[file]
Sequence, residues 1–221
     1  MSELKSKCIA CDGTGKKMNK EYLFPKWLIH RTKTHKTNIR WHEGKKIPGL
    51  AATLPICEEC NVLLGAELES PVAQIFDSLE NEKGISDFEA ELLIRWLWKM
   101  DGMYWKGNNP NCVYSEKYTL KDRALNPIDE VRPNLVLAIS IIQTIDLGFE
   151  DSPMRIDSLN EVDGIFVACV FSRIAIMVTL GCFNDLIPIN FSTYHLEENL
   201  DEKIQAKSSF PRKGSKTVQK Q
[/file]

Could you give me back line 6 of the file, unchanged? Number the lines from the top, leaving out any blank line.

   201  DEKIQAKSSF PRKGSKTVQK Q